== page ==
A reflection to mark Mental Health Awareness Week
By Professor Hugh Brady, Vice-Chancellor and President
I was delighted to see how successfully last term’s ‘It’s Okay To…’ campaign shone a light on some really important issues around our mental health and wellbeing during this challenging time. I was especially impressed by the staff contributions to this blog, which are thoughtful, compassionate, honest and, I’m sure, helpful to many colleagues. My thanks to our Mental Health Champions for organising such a worthwhile project.
The campaign may have ended, but its sentiment and the messages hold true. Social isolation, stress and anxiety continue to be a feature of life for many of us, and the range of contributors to the blog – from administrators and academics to members of the Executive Team – demonstrates just how pervasive the wider effects of the pandemic have been; but we should always feel able to take a step back, breathe, and connect with someone if we feel the need.
On a personal note, I wish to thank all the contributors for their openness, generosity and courage. This has been, without doubt, the most challenging and difficult year I have experienced during almost four decades as a clinician, educator, researcher and university president, and I found the words of these wonderful colleagues both comforting and inspiring in equal measure!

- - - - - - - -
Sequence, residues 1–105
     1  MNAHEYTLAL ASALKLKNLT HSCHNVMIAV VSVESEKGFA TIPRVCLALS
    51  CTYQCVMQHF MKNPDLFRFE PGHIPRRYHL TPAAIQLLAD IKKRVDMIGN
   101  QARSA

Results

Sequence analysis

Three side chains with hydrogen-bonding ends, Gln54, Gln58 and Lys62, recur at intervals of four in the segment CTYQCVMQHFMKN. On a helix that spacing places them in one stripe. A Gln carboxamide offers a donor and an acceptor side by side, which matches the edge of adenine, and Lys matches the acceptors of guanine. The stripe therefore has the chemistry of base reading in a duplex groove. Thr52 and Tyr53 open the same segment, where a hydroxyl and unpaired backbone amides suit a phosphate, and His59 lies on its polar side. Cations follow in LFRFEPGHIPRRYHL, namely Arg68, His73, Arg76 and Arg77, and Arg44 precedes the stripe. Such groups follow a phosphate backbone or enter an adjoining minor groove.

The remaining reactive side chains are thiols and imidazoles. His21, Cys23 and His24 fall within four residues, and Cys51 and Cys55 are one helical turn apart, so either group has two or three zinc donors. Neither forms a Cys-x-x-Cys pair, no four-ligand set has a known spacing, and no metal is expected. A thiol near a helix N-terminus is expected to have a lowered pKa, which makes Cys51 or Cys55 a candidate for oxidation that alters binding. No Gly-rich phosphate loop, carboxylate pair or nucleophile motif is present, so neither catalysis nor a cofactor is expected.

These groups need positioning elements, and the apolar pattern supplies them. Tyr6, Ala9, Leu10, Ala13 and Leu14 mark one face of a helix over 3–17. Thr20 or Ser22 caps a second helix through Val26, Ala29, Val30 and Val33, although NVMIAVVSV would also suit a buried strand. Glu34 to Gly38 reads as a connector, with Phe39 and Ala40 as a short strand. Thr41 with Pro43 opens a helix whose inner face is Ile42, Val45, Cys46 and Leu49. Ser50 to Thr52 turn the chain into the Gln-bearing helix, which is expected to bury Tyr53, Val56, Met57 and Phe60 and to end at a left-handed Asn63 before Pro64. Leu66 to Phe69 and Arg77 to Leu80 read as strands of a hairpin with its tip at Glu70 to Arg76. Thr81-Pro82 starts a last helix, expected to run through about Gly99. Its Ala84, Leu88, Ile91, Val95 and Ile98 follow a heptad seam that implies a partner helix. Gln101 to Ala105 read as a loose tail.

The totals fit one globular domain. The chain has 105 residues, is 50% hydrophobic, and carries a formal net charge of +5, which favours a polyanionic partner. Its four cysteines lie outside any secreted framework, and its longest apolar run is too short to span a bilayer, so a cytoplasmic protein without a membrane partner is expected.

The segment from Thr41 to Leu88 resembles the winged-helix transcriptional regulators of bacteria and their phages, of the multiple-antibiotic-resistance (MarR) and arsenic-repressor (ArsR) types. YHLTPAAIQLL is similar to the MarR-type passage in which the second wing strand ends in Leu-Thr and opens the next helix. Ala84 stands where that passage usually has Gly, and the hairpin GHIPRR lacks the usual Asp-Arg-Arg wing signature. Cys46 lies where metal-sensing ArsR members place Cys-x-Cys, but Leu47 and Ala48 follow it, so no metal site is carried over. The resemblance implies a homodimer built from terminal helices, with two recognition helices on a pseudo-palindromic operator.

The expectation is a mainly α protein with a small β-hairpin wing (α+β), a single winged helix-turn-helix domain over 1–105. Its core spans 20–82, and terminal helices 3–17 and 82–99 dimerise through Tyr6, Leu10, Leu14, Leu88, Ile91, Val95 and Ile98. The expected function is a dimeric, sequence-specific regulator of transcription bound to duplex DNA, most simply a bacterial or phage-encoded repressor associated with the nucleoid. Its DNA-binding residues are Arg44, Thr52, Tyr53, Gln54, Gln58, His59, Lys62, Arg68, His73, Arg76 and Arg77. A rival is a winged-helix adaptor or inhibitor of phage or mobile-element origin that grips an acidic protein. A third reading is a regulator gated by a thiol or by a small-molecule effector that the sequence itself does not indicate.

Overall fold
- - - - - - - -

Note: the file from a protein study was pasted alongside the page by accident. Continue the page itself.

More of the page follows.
This is the beginning of Mental Health Awareness Week, which serves as another reminder to us that, while campaigns and themed national events can be an effective way to focus attention on mental health, the importance of looking after ourselves and each other is a year-round issue.
Do have a look at the events and resources that our colleagues in Staff Engagement and other teams have organised for the week – and please do take part, to any degree you feel able to. Sign up to an event, take part in a discussion, or just take this year’s theme of ‘Nature’ as a prompt to get out into the countryside or find a quiet green space in the city.
Our conversations about mental health at Bristol will continue, including the very real issues of workload that I know can sometimes present a major challenge to the notion of relaxation. In the meantime, please remember the message of last term’s campaign, in all its variations: if you need to disconnect and reconnect, to stare out of the window, to take baby steps, to catch up over coffee, to ask for help 20 times a day, or to make some small changes to your routine that could improve your work and home life during this unsettling time, please do. It’s Okay To.
As part of the University’s Mental Health Awareness Week events, the Mental Health Champions are running a Wellbeing Strategy Discussion Group. The outcomes will be fed back to the Executive Team – so if you’d like to influence the discussion, book a place and join the conversation.